This paper explores innovative governance models in the healthcare sector. Patients are a key albeit under-investigated stakeholder and smart technologies applied to public healthcare represent a trendy innovation that reshapes the value-driving proposition. This study contributes to the best practice improvement in this sector, showing how health governance can balance the interests of conflicting stakeholders (patients, staff, politicians, private providers, banks, suppliers, etc.) when technology-driven (smart) investments are realized. Characteristics of smart hospitals are critically examined, and governance solutions are considered, together with private actors’ involvement and flexible forms of remuneration. Smart hospitals are so complicated that they may require sophisticated Public-Private Partnerships (PPP). Public players lack innovative skills, whereas private actors seek additional remuneration for their non-routine efforts and higher risk. PPP represents a feasible governance framework, especially if linked to Project Financing (PF) investment patterns. Results-Based Financing (RBF) softens traditional PPP criticalities as availability payment sustainability or risk transfer compensation. Waste of public money can consequently be reduced, and private bankability improved. Patient-centered smart hospitals reshape traditional healthcare governance, with savings and efficiency gains that meliorate timeliness and execution of cares. Transformation of in-patients to out-patients and then home-patients represents, whenever possible, a mighty goal.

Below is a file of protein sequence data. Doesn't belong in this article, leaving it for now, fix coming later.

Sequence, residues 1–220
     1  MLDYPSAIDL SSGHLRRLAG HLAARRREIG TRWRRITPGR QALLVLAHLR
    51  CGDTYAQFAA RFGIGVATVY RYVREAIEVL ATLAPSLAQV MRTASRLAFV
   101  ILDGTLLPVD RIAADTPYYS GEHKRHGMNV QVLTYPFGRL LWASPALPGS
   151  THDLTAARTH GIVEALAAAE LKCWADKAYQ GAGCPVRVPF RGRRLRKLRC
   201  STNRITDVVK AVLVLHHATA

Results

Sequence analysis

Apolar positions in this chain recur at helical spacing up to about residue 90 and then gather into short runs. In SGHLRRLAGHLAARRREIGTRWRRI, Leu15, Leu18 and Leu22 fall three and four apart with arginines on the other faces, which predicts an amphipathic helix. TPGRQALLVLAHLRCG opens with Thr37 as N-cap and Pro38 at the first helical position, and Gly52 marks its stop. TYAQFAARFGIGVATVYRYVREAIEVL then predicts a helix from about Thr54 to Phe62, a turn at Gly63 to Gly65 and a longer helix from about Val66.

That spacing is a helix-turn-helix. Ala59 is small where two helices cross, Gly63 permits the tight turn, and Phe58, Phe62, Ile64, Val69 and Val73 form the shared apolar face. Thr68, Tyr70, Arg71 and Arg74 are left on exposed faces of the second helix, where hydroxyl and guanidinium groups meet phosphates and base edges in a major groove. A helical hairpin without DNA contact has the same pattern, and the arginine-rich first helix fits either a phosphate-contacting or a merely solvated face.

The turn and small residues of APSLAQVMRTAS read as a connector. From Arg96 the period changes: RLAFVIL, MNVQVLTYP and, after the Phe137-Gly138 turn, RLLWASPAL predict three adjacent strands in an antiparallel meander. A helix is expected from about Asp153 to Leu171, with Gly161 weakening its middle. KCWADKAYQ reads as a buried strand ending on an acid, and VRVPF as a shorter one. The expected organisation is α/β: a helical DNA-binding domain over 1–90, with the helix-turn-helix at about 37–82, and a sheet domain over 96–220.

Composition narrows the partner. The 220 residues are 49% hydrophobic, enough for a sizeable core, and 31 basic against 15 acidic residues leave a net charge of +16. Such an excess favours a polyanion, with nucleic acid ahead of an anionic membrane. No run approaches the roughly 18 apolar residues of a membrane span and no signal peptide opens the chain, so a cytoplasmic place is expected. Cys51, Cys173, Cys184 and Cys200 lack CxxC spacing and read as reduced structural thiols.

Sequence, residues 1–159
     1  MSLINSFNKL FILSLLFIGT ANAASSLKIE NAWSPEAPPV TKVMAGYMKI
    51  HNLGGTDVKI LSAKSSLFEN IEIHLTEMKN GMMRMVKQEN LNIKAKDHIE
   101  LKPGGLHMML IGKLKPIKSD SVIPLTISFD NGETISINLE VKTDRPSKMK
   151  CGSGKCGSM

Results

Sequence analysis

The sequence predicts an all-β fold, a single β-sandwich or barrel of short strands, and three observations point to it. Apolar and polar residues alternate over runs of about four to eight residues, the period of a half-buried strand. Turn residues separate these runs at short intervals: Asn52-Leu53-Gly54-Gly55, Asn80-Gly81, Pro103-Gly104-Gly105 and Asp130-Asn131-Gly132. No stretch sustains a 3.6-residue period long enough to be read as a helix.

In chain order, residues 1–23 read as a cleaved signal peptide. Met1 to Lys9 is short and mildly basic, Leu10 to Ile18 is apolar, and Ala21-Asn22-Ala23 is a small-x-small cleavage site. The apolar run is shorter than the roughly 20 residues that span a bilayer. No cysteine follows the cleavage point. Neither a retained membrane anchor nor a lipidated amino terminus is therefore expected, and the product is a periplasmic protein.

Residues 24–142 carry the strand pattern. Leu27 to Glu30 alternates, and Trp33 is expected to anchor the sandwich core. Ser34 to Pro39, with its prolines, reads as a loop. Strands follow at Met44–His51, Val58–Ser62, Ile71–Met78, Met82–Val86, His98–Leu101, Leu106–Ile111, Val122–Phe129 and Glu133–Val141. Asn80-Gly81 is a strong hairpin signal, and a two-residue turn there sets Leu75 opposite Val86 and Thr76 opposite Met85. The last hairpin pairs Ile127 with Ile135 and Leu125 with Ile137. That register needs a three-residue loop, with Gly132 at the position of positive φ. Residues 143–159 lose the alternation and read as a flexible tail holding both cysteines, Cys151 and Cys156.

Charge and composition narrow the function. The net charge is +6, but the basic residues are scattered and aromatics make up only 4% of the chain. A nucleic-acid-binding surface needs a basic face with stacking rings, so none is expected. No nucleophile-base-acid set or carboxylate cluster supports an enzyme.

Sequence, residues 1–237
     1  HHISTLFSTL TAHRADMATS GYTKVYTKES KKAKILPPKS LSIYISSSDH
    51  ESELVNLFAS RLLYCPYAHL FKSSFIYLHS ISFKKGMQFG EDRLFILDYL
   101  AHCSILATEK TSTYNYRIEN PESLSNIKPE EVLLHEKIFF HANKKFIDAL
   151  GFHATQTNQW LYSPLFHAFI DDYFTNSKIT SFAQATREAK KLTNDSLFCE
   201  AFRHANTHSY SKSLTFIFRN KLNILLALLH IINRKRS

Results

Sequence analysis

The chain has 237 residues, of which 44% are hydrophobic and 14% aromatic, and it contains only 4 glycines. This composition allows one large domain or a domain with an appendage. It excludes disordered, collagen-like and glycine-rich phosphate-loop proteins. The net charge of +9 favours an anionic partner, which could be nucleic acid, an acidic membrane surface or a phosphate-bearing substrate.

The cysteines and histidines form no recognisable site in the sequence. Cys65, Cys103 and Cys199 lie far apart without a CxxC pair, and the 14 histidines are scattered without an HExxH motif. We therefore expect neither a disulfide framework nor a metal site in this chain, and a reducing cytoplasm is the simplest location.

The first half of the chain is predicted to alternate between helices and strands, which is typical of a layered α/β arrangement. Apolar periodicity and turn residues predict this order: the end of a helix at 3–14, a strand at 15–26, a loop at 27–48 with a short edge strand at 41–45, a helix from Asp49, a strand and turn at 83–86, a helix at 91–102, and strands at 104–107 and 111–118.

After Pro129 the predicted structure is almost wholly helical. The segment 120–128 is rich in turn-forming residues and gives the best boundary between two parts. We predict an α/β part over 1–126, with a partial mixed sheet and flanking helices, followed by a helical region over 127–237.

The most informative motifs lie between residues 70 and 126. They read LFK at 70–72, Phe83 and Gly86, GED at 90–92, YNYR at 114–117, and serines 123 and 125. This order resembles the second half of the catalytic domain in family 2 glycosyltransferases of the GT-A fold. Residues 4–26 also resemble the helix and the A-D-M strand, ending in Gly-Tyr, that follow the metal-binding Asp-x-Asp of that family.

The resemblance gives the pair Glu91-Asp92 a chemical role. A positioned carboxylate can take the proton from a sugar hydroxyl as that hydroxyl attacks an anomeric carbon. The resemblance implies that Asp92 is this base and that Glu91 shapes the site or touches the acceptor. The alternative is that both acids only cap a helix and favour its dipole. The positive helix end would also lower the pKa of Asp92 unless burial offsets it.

This article addresses the relationship between Public-Private Partnerships (PPP) and the sustainability of public spending in smart hospitals. Smart (technological) hospitals represent long-termed investments where public and private players interact with banking institutions and eventually patients, to satisfy a core welfare need. Characteristics of smart hospitals are critically examined, together with private actors’ involvement and flexible forms of remuneration. Technology-driven smart hospitals are so complicated that they may require sophisticated PPP. Public players lack innovative skills, whereas private actors seek additional compensation for their non-routine efforts and higher risk. PPP represents a feasible framework, especially if linked to Project Financing (PF) investment patterns. Whereas the social impact of healthcare investments seems evident, their financial coverage raises growing concern in a capital rationing context where shrinking public resources must cope with the growing needs of chronic elder patients. Results-Based Financing (RBF) is a pay-by-result methodology that softens traditional PPP criticalities as availability payment sustainability or risk transfer compensation. Waste of public money can consequently be reduced, and private bankability improved. In this study, we examine why and how advanced Information Technology (IT) solutions implemented in “Smart Hospitals” should produce a positive social impact by increasing at the same time health sustainability and quality of care. Patient-centered smart hospitals realized through PPP schemes, reshape traditional healthcare supply chains with savings and efficiency gains that improve timeliness and execution of care.